Sweetening Natural Gas

Describes the most chemical process most commonly used for sweetening natural gas.

This paper begins by illustrating the process most commonly used to remove hydrogen sulfide from natural gas. The paper then goes on to describe an alternative method used for the removal of hydrogen sulfide and describes the benefits of this method, as well as some of the problems associated with it. Additionally, the paper points out that the water content of natural gas is an important engineering consideration concerning the sweetening process and presents an overview of the properties of pure acid gases and water and hydrogen sulfide. The paper then goes on to outline and explain additional processes and engineering considerations concerning the removal of hydrogen sulfide and includes some cost estimates and comparisons of the processes.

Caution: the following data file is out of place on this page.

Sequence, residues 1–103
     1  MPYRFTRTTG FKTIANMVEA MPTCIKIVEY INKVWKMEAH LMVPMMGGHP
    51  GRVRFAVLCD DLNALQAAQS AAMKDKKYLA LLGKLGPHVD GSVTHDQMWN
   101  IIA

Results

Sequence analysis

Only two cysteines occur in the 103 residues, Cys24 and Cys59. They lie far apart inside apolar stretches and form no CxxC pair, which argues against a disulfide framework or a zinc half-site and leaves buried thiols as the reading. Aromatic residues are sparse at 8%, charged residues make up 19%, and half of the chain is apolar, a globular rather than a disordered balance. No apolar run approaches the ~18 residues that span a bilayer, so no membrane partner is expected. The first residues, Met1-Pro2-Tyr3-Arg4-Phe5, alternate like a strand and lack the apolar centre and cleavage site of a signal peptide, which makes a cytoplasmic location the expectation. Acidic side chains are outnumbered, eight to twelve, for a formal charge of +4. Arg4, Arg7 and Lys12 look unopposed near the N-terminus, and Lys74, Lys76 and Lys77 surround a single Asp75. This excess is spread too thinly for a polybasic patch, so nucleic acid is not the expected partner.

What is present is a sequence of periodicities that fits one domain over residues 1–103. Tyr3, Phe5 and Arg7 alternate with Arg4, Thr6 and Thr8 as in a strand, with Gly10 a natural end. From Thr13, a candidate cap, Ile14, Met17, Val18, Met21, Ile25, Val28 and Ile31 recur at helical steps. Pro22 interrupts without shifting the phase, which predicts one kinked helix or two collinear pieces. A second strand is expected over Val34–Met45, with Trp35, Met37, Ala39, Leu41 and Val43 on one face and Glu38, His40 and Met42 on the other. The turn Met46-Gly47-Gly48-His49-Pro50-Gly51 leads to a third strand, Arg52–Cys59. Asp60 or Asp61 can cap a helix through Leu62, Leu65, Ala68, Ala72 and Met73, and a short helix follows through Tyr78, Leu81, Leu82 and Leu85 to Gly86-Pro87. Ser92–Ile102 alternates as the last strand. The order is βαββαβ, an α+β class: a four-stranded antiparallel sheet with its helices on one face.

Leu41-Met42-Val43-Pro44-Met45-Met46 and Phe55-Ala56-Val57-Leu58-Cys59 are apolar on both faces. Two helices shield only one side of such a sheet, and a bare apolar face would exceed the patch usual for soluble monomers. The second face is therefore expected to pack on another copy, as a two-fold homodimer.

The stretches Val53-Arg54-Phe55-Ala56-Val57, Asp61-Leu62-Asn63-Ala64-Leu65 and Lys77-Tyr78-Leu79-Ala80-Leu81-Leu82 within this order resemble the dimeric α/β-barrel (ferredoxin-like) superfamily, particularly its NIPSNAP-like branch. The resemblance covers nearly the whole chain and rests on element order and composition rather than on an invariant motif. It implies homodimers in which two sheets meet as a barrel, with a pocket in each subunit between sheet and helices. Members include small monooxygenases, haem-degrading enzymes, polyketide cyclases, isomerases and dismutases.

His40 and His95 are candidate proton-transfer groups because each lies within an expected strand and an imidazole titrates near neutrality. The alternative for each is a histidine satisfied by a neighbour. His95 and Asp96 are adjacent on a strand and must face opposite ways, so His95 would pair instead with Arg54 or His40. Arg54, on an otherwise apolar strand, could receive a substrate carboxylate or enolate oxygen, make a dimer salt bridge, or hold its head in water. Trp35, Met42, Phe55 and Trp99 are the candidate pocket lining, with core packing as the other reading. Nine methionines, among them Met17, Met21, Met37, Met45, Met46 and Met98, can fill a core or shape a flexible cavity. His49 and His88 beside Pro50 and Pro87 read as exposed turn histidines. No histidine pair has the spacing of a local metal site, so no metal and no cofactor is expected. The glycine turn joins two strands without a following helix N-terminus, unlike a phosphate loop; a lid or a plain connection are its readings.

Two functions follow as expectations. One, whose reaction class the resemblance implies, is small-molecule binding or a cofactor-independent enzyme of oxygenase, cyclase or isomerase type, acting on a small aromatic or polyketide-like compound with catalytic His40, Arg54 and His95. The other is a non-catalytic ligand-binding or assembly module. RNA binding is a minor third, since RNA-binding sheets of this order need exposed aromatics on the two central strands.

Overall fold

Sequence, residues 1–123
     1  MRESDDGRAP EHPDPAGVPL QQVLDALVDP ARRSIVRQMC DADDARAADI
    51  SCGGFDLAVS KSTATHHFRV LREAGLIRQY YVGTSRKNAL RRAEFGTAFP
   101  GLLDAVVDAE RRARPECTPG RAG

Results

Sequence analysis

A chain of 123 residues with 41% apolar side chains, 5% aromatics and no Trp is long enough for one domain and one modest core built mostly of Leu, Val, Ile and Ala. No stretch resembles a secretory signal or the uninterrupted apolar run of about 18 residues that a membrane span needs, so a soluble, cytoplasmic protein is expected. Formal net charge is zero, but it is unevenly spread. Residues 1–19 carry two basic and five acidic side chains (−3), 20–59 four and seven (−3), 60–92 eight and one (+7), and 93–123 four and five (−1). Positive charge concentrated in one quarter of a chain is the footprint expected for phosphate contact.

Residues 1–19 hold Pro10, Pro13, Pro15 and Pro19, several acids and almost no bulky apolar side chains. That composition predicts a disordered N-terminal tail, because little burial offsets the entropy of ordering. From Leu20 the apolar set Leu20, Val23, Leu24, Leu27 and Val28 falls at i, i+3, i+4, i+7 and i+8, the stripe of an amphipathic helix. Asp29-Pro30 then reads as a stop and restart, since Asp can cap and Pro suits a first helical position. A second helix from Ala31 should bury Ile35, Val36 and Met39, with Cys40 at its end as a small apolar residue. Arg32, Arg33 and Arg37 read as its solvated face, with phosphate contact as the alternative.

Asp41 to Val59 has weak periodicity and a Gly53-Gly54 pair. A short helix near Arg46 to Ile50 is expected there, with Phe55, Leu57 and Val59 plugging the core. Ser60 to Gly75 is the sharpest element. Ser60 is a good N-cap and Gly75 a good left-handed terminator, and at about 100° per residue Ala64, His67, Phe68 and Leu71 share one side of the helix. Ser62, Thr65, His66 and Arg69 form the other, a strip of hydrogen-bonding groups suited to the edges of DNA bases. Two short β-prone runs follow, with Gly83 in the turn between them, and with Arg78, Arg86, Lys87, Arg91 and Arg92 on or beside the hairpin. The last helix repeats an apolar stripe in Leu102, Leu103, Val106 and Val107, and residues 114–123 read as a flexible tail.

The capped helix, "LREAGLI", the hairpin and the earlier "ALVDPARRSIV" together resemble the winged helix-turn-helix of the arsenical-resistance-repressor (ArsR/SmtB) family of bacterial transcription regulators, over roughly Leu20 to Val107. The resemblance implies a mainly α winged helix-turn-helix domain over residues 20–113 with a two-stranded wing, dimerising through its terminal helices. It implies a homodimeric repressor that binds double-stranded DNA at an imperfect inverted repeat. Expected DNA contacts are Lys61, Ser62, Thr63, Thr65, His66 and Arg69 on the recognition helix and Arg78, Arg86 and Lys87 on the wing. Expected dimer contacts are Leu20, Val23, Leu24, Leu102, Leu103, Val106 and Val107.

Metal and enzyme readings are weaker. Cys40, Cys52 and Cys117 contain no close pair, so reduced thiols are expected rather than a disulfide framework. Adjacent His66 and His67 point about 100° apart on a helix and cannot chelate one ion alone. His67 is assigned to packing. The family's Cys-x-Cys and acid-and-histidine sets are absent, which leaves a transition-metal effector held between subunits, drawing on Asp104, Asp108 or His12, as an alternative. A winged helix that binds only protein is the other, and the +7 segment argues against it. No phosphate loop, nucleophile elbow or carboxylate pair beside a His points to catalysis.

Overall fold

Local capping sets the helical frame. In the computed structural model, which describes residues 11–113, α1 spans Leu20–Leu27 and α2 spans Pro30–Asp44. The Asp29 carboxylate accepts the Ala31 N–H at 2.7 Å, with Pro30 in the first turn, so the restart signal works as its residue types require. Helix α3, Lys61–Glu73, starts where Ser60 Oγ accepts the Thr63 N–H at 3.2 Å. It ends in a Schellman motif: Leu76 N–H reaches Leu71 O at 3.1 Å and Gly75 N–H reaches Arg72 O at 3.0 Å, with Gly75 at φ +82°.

Properties of H2S and CO2
Vapor / Liquid Properties of Pure Compounds
Vapor / Liquid Phase Behavior
Acid Gas Compression and Dehydration
Metallurgy
Acid Gas Dehydration
Acid Gas Injection Facilities
Cost Comparisons with Small Scale Sulfur Recovery Options
Operating Costs
“Sour natural gas contains hydrogen sulfide (H2S), which has to be removed to meet specifications for sales gas. Sour natural gas also contains carbon dioxide (CO2). The removal of CO2 and H2S, usually called acid gases, from sour natural gas is generally accomplished by means of a regenerative solvent. There are several amine solvents used for this purpose. Upon regeneration of the solvent, the acid gases are liberated, and are usually sent to a modified Claus plant, where the H2S is converted to elemental sulfur (Canjar & Manning 1967). The acid gas stream to the modified Claus plant consists of H2S, CO2, water vapor and minor amounts of hydrocarbon gas.”

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